Rivals BMW and Daimler team up for $1B venture

Look to launch joint services

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Harald Krüger (L), CEO of BMW AG, and Dieter Zetsche, CEO of Daimler AG, shake hands after speaking to the media about a new joint effort between the two automakers in carsharing on Feb. 22, 2019, in Berlin.

(CNN) - BMW and Daimler are putting more than $1 billion into a joint venture that will develop ride-sharing, charging and parking services.

The rival German carmakers announced the investment on Friday in Berlin, describing their mobility business as a "global game changer" that could help fend off challenges from upstarts including Uber.

"Our mobility services have developed a strong customer base and we are now taking the next strategic step," Daimler boss Dieter Zetsche said in a statement.

The venture is one example of how established automakers are forming partnerships to share the costs of developing technologies including autonomous driving systems and electric vehicle platforms.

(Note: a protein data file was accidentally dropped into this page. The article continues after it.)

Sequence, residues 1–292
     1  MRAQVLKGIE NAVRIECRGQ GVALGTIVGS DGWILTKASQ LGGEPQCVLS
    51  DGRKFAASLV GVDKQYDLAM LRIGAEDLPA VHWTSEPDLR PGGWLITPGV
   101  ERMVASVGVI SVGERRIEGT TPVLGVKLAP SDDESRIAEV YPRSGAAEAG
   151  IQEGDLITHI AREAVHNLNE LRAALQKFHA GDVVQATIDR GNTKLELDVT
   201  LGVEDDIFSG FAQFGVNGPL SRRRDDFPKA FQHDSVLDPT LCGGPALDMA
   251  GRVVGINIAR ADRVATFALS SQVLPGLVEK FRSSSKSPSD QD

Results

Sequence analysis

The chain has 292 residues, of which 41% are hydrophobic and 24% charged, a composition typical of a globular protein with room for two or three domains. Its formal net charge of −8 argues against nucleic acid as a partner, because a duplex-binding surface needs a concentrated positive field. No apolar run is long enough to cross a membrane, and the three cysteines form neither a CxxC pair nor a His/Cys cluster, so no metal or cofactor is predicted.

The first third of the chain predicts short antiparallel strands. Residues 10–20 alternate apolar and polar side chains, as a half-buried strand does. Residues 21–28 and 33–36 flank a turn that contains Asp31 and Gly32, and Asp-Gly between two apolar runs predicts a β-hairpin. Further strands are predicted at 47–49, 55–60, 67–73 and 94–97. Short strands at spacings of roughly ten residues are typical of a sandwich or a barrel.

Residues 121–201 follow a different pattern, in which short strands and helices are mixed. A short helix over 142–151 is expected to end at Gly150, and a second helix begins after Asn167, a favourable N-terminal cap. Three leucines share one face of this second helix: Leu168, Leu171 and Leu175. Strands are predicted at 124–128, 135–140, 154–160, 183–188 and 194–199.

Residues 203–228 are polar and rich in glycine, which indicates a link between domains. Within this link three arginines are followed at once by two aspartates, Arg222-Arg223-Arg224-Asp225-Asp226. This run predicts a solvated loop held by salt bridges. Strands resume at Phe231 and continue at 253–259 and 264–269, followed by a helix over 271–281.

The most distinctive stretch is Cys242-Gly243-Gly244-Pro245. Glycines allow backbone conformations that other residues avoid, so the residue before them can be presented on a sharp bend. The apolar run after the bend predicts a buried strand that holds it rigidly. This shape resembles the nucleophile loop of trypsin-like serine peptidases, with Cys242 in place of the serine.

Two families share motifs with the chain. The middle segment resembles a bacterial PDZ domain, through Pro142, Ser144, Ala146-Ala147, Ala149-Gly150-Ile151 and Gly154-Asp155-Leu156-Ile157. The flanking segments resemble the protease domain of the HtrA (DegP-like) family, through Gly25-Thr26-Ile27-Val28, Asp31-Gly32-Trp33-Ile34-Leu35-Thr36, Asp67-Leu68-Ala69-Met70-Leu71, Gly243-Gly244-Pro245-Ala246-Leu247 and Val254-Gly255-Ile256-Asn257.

"Further cooperation with other providers, including stakes in startups and established players, are also a possible option," said Zetsche, who also oversees Daimler's Mercedes-Benz brand.

The companies first announced their intention to join forces in March 2018, but the plan required regulator approval.

BMW and Daimler are focusing on five areas: car-sharing, ride-hailing, parking, charging and multimodal transport, which allows travelers use multiple transportation methods on a single trip.

"These five services will merge ever more closely to form a single mobility service portfolio," said BMW chief Harald Krüger. "The cooperation is the perfect way for us to maximize our chances in a growing market, while sharing the investments."

Other global automakers have also paired off.

Ford and Volkswagen announced a plan in January to build vehicles together. The companies also agreed to "investigate" how they can work together to develop next generation vehicles.

The trend toward cooperation has accelerated as carmakers more under increased pressure from tech companies including Uber and Google parent Alphabet.

Upstarts like Tesla and new combinations, such as the joint effort by General Motors, SoftBank and Honda, could also shake up the industry's future.

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